October Hyderabad Digest

October 18th, 2007

I know you’ve all been awaiting an update from Hyderabad, so here’s the latest on what’s going on in the Land of the Nizam.

Things are great here.  I’m 3 months in to our 6 month experiment to live in Hyderabad, India.  The rains have ended and we’re back to super heat by 9:30 AM.  They say things will get pretty cold around November-December, but I don’t see anyone buying wool coat or a scarf…

We just returned from a 4-day trip to Ponnur, where most of Akbar’s family live.  The last


 time I was there was during our wedding, when I was hot, dehydrated, and wearing a 70 pound bridal sari - I kind of hated it.  This time was much different.  It was amazing.  I loved hanging out with Akbar’s cousins and aunts and uncles.  By far my favorite person was Akbar’s grandmother, whom we all call Nanni.  She came into the house telling a story of how she had just received news that a woman who had cheated her out of 9000 rupees was now blind in both eyes- another testament to the glory of Allah.  Gotta love the pious in India.

 We were there for the ceremony of my sister-in-law’s sons’ first hair cut.  He’s 9 months me-and-bannu.jpgold, and has a head of nice long hair.  We love to try out different hairstyles using my mini-claw clips.  The first hair cut is a 100%

  balding of the baby, done in a way guaranteed to freak out any kid.




Our two families descended on Bapatla beach, only to find thousands of drunk young


guys running around in their underwear.  Not swimming shorts, but straight up underwear - the tight skimpy kind that leave nothing to the imagination.  People here don’t waste money on extra clothes for special once-in-a-while things.   While the guys were in-sand.jpgrunning about just shy of naked, the women were all fully clothed from head to foot in multiple layers and plenty of fancy gold jewelry.  So first we (meaning everyone but me) made a stove by lighting a fire, surrounding it with bricks, and placing a pot on top.  In this we (again, using this inclusive word loosely) made kheer - a sweet made only on stove.jpgsuper-special occasions.  Then someone made two boats using a wireboat.jpg frame, in which they suspended a coconut, a lit wax candle and some other fruit.  They let these go in the water, for prosperity I suppose.  Of course they both sank to the bottom immediately.  Then the hair cutting - during which the poor kid was so freaked out he screamed his lungs out.  Finally the hair was let go in the water as well.  So if you’re ever swimming in Bapatla beach (which connects to the Bay of Bengal- fyi), and get a mouth-full of hair, please think of me.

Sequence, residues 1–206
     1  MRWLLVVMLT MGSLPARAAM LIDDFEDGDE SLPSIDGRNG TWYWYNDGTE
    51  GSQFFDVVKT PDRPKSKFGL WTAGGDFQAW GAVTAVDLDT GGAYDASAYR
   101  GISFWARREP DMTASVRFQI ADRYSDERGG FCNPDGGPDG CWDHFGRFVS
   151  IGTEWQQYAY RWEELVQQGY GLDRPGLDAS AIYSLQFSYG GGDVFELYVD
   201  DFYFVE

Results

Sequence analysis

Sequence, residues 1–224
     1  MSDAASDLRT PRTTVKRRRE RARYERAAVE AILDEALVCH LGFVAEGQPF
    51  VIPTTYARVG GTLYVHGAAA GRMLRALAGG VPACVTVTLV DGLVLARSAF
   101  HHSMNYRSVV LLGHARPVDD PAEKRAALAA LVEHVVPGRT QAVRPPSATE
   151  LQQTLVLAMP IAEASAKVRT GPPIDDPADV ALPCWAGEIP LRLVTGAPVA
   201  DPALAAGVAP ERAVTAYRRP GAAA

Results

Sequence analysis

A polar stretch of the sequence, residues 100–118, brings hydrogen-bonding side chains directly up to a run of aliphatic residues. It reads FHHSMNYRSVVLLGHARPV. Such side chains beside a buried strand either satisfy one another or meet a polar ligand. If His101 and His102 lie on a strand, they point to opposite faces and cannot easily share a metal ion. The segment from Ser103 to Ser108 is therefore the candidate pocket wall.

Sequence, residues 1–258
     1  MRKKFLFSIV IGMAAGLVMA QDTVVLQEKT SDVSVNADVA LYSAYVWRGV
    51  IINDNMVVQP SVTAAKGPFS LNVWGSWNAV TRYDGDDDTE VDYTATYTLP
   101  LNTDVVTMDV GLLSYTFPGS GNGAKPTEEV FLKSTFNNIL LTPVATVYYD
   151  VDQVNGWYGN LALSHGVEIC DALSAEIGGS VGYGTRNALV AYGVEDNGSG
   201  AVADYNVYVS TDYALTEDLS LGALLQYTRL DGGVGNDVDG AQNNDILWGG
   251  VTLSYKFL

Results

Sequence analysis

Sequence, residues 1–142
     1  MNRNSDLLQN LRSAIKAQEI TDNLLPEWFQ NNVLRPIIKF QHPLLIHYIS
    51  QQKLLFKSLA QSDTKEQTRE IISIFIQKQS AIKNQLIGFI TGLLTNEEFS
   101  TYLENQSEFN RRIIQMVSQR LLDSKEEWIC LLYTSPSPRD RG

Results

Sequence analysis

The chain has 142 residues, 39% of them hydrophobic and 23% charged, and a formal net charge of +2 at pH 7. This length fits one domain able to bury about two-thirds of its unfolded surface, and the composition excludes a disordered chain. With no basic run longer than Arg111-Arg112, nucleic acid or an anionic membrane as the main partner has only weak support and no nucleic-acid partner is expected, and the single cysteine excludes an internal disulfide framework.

Ponnur is a small town and a village.  As you move away from the center it is filled with




fields, farms, and rice paddies.  Many people farm shrimp and fish


here.  We traveled to a


remote shrimp farm to buy 6 KGs of huge, fresh shrimp (which is a LOT) for 300 rupees ($7.50). The drive there was just beautiful.  Full of open fields in this


bright green color.  Oxen carts and bicycles replaced tractors and cars.  The sound of birds instead of traffic and pollution.  It was a great break from the big city.  The pace of life is much slower here, but people who work these fields work long and hard.  You won’t find a single fat person.  They’re all strong, thin and wiry.  Interesting contrast to the US.

Okay I have to share one story.  The people who live downstairs from us are Lambaddis.  It’s a family and the mother-in-law, who looks like a witch to me.  These are the tribal people of this region (kind of like the Native Americans).  Due to lack of income and opportunities, most Lambaddis are uneducated and receive many subsidies and grants from the government – a half-hearted effort to bring up this group.  That part is just an interesting aside – it has nothing to do with my story.  Here’s the story.  Lambaddis are known for maize rotis, as opposed to the wheat chapattis that we usually eat.  My sister-in-law, who is the social butterfly of our apartment complex, told the mother in law she wanted to eat a Maize roti once.  So one day the older lady approached her and said “Where have you been?  I’ve been looking for you!  I snuck you a roti, but I couldn’t find you.  I’ve been hiding it here in my armpit and roaming the apartment looking for you!”  Then she proceeded to remove a folded up maize roti from her armpit and hand it to my sister-in-law.  True story.  You can’t make this stuff up.  I don’t think she ate it.

Special Note: This post is dedicated to my father, who appreciates a funny story that he is not the subject of a funny story.

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